As private health insurance exchanges continue to gain steam--albeit possibly slower than expected--they still struggle with a fundamental flaw, writes Forbes contributor John C. Goodman.
The good news is that private exchanges, in which an employer sets a standard contribution rate and allows consumers to shop for their own health insurance, tend to offer more customer-support tools than their public counterparts, Goodman notes.
But the bad news is that in both types of exchanges, health plans "don't add to their bottom line by becoming good at cancer care, diabetic care or at any other expensive-to-treat disease."
So to change the status quo, Goodman offers the following ideas:
- Manage aggressively. Take a cue from the Office of Personnel Management, which "prevents the worst abuses" of insurers acting in their own self-interest with its oversight of the Federal Employee Health Benefits Program, Goodman suggests.
- Choose only one insurer. This is risky, as it can rob consumers of the benefits of competition. But the strategy can also keep insurers from gaining financially by shifting its most costly patients onto another plan.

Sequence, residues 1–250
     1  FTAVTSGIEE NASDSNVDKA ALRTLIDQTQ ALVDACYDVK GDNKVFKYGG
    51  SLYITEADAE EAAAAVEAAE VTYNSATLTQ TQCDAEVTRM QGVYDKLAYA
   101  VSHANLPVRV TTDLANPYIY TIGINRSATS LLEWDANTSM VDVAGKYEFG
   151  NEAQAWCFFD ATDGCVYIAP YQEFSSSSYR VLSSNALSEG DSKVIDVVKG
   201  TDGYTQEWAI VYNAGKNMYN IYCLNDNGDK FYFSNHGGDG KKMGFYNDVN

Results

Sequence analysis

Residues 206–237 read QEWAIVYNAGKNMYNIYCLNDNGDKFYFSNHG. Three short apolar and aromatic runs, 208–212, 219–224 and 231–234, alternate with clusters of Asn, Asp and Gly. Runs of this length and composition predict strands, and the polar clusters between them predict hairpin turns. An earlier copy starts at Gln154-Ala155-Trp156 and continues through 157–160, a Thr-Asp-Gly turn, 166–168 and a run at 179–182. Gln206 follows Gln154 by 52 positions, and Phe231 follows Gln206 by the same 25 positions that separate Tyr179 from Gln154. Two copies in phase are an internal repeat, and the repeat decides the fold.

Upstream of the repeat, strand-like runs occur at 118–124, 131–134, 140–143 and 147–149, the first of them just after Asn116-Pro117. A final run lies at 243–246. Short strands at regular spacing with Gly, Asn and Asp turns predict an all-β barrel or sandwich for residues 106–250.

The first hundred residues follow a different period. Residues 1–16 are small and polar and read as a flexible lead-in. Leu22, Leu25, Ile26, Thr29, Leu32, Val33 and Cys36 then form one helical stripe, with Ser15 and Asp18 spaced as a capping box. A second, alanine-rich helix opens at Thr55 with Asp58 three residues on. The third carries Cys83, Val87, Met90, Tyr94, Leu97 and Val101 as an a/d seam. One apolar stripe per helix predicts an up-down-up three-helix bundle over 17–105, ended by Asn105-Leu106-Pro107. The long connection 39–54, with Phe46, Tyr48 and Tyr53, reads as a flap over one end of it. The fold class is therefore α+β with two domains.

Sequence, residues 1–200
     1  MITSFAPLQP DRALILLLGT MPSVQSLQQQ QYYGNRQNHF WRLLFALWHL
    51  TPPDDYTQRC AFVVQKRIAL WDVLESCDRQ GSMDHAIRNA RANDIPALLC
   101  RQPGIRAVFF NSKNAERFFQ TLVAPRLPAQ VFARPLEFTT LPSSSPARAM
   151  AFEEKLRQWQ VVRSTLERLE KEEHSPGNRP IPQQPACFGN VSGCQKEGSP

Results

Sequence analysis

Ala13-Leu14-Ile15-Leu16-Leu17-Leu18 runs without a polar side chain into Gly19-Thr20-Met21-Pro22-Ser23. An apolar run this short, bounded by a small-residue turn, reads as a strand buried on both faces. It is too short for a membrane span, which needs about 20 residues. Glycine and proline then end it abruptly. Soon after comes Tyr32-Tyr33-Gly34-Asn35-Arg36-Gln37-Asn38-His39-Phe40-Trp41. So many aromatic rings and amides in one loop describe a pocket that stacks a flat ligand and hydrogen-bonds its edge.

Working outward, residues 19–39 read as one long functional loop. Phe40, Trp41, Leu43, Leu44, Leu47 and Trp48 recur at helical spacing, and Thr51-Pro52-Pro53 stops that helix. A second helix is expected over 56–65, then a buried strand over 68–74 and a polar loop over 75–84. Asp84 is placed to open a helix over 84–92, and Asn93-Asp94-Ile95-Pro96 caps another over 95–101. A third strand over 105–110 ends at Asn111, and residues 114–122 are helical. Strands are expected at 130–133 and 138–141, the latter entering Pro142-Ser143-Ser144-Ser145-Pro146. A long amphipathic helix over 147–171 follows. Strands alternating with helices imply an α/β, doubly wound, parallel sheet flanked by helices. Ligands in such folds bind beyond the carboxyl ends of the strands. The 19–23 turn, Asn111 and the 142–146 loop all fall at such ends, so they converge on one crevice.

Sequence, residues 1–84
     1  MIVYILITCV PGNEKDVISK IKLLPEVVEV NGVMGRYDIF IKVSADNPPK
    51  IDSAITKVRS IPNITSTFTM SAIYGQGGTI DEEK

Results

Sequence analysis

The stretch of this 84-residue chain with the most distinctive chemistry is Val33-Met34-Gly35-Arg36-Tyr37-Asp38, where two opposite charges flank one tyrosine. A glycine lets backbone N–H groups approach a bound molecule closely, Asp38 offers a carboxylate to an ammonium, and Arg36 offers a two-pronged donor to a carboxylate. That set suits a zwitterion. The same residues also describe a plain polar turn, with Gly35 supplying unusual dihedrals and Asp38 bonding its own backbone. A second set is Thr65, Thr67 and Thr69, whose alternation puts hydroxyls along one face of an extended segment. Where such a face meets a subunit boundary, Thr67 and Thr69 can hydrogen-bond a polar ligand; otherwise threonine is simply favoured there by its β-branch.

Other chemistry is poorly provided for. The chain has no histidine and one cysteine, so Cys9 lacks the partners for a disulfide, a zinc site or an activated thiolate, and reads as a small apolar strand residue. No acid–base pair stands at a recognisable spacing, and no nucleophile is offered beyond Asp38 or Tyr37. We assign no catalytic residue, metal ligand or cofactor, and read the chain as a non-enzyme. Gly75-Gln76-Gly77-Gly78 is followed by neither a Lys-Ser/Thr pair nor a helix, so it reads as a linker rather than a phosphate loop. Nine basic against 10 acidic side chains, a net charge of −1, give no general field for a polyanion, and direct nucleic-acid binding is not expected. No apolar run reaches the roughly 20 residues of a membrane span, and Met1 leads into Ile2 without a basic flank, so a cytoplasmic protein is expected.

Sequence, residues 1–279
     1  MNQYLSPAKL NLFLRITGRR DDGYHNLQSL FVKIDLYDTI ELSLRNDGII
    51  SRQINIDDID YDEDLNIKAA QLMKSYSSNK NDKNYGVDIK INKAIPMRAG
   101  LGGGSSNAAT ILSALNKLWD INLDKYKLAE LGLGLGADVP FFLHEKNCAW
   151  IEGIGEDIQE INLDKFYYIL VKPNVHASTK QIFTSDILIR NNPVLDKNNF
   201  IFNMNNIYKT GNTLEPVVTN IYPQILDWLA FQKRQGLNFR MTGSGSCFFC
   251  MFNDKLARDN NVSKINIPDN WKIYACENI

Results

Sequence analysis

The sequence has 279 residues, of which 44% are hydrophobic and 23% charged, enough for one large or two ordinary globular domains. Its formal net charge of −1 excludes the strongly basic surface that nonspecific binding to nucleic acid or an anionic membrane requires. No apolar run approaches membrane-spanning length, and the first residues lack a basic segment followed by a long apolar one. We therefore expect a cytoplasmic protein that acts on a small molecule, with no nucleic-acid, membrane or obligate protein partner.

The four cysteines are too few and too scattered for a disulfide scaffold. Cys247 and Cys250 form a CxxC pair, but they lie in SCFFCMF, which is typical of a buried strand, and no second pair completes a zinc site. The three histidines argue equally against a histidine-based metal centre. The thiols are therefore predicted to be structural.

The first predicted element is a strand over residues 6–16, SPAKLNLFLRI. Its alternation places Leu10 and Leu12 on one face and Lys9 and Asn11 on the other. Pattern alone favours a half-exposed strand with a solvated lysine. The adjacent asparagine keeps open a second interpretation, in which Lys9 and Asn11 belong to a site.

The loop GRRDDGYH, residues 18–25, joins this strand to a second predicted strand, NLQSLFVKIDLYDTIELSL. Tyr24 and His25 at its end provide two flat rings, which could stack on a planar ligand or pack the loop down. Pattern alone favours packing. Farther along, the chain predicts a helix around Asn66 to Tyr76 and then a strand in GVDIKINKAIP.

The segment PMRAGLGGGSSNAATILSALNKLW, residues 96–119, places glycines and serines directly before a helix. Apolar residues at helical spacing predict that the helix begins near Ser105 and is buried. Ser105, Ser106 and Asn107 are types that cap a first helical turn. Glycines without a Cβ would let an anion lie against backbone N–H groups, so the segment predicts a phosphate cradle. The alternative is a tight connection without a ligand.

- Rethink risk adjustment. Private exchange operators can look to Medicare Advantage for an example of a successful, sophisticated risk adjustment system that delivers health plans a total premium that is actuarially fair, according to Goodman. Another option, though, is to allow the health plans themselves to administer risk adjustment, he notes.
Employers can also improve the efficiency of their private exchanges by including centers of excellence, telemedicine and wellness programs, notes a July report from the firm Leavitt Partners.
Private exchange enrollment reached 6 million in 2015, and is expected to reach 40 million by 2018, FierceHealthPayer has reported.
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